All of the selected ligand molecules docked successfully with both CK1 and GSK3B with notable binding energies (Table 1). Curcumin I docked with a binding energy of − 10.31 Kcal/mol within the binding site of CK1. It formed 1 conventional hydrogen bond with Glu117 with 1.62 Å distance apart and 2 conventional hydrogen bonds with Leu119 with 1.99 Å and 2.44 Å distance apart respectively in the binding site backbone of CK1. In addition, curcumin I also formed two non-conventional hydrogen bonds with Lys72 and Gly140. Moreover, it interacted with 10 amino acid residues in total along with Pi-alkyl (hydrophobic) and Pi-anion (electrostatic) interactions. On the contrary, curcumin I interacted with GSK3B with slightly lower energy (− 7.533 kcal/mol) than CK1 within the binding pocket. It formed 2 conventional hydrogen bonds with Lys85 at 2.22 Å and 2.84 Å distance apart and 1 conventional hydrogen bond with Val135 at 2.54 Å distance apart inside the binding site of GSK3B. Curcumin I interacted with 8 amino acid residues within the binding site of GSK3B and notably with other additional types of interactions like Pi-sulfur, Pi-alkyl interactions. It also formed 2 non-conventional hydrogen bonds with Pro136 and Asp200 with GSK3B.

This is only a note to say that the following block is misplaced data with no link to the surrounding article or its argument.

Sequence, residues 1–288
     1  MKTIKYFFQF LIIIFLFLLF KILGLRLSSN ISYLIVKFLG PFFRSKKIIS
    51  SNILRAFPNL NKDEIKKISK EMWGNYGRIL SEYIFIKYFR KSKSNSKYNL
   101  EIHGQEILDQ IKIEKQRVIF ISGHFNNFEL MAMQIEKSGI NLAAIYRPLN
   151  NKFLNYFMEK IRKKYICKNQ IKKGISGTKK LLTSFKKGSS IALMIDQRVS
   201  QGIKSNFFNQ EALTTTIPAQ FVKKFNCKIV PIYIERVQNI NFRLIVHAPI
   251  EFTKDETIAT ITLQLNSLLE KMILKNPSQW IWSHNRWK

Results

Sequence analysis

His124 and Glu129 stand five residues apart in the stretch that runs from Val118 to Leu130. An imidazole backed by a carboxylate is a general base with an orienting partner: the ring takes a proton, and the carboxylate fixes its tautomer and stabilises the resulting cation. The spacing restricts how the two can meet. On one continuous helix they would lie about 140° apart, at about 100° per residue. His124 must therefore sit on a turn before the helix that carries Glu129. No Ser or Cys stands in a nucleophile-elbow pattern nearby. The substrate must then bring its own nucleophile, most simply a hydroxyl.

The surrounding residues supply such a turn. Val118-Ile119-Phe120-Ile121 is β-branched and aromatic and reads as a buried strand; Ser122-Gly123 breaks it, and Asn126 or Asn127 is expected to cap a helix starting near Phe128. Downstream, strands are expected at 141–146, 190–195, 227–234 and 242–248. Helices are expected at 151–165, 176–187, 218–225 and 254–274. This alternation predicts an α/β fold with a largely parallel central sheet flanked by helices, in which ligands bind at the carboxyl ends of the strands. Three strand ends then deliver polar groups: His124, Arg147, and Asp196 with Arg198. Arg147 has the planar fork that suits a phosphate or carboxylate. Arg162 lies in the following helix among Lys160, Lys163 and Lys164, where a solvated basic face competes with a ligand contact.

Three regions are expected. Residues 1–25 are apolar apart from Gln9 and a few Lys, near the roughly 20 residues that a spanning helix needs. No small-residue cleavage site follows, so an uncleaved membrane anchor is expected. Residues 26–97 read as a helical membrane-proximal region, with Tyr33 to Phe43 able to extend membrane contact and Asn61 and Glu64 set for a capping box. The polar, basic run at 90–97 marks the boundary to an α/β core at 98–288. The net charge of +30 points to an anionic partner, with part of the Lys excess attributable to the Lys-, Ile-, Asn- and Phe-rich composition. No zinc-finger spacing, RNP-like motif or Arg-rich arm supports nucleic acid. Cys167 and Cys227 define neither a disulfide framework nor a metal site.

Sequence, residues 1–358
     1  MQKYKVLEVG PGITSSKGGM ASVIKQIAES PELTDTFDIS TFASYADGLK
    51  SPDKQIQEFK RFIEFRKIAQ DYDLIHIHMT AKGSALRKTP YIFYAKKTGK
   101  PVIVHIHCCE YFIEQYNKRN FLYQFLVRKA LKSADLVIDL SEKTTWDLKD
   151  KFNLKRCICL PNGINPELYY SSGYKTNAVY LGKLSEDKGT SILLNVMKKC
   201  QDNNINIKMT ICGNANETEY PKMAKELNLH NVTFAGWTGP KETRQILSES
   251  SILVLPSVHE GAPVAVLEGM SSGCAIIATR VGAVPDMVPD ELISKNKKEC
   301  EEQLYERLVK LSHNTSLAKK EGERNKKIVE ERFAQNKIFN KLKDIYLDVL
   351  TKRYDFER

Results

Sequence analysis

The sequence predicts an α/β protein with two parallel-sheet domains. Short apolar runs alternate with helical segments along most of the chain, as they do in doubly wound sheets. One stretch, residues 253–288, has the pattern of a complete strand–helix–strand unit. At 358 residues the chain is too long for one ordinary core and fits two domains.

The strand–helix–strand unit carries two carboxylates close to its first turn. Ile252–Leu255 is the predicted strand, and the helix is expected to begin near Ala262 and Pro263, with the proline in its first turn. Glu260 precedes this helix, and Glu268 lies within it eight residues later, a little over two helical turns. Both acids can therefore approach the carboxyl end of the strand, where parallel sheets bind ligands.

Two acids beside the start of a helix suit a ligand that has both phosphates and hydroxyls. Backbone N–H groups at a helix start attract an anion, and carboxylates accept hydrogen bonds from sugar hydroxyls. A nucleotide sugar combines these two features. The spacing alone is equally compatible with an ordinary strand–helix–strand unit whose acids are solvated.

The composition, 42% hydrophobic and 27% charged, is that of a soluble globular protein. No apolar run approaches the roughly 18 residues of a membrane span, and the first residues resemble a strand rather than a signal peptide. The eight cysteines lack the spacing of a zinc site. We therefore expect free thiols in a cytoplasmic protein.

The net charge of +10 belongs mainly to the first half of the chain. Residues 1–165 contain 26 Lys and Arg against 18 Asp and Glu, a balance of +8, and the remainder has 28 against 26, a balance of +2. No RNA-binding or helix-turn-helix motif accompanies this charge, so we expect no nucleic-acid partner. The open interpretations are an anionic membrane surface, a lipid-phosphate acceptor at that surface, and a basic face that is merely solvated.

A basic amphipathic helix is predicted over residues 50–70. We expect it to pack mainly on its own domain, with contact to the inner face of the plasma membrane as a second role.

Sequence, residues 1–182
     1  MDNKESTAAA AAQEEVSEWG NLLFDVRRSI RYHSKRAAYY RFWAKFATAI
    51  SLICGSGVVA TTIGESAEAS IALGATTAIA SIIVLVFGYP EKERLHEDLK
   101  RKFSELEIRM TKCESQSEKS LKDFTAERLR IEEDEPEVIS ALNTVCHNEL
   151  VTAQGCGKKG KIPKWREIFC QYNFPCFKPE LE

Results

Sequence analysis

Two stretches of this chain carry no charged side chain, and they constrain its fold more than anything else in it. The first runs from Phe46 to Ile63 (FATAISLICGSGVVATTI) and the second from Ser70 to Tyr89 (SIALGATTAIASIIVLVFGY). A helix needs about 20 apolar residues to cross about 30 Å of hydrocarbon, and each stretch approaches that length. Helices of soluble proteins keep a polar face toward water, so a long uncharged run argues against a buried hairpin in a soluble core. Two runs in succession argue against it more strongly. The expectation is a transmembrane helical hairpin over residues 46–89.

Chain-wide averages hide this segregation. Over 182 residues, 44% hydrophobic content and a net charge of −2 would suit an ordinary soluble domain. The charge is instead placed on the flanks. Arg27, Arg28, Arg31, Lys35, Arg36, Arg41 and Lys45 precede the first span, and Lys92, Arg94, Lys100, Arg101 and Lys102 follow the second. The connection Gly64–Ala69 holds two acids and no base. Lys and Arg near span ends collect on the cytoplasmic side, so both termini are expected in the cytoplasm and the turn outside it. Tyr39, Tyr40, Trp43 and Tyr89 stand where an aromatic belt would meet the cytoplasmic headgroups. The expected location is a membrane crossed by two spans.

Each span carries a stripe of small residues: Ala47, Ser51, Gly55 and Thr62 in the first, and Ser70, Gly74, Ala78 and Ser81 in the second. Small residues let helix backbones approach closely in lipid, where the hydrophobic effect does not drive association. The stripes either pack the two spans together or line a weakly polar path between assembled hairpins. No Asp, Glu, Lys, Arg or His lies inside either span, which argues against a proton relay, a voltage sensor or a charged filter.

Curcumin II docked to CK1 with a binding energy of − 7.826 Kcal/mol. It formed 4 conventional hydrogen bonds—2 with Leu119 at 1.99 Å and 2.79 Å distance apart and 1 with Glu117 and Asp125 each at 1.84 Å and 2.09 Å distance apart respectively within the binding site of CK1. Moreover, it also formed 1 non-conventional hydrogen bond with Lys72 in the binding pocket backbone. Curcumin II interacted with 8 amino acid residues in total with additional hydrophobic (Pi-alkyl) binding interactions. Conversely, curcumin II showed a subtle lower binding energy (− 7.588 kcal/mol) with GSK3B. In the binding site backbone of GSK3B it formed 2 conventional hydrogen bonds with Lys85 at 1.87 Å, 2.97 Å distance apart and another conventional hydrogen bond with Val135 at 2.05 Å distance apart. Curcumin II also formed 2 non-conventional hydrogen bonds with Tyr134 and Asp200 within the binding site of GSK3B. With additional Pi-alkyl, Pi-cation, and Pi-sulfur bonding interactions curcumin II interacted with 8 amino acid residues in total.